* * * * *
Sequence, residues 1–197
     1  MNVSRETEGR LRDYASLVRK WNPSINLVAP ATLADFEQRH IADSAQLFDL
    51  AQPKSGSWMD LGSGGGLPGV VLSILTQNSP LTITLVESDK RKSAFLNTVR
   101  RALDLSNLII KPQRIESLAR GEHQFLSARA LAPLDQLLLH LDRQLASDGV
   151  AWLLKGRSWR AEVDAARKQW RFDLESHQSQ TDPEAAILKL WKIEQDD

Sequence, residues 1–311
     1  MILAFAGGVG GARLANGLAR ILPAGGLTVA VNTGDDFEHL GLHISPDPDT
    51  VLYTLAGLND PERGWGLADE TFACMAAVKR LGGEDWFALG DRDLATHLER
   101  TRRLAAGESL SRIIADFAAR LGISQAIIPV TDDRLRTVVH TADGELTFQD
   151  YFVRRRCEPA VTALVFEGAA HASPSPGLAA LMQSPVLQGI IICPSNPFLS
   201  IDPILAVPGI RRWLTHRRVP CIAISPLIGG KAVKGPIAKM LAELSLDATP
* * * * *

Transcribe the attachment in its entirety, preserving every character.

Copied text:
Sequence, residues 1–197
     1  MNVSRETEGR LRDYASLVRK WNPSINLVAP ATLADFEQRH IADSAQLFDL
    51  AQPKSGSWMD LGSGGGLPGV VLSILTQNSP LTITLVESDK RKSAFLNTVR
   101  RALDLSNLII KPQRIESLAR GEHQFLSARA LAPLDQLLLH LDRQLASDGV
   151  AWLLKGRSWR AEVDAARKQW RFDLESHQSQ TDPEAAILKL WKIEQDD

Sequence, residues 1–311
     1  MILAFAGGVG GARLANGLAR ILPAGGLTVA VNTGDDFEHL GLHISPDPDT
    51  VLYTLAGLND PERGWGLADE TFACMAAVKR LGGEDWFALG DRDLATHLER
   101  TRRLAAGESL SRIIADFAAR LGISQAIIPV TDDRLRTVVH TADGELTFQD
   151  YFVRRRCEPA VTALVFEGAA HASPSPGLAA LMQSPVLQGI IICPSNPFLS
   201  IDPILAVPGI RRWLTHRRVP CIAISPLIGG KAVKGPIAKM LAELSLDATP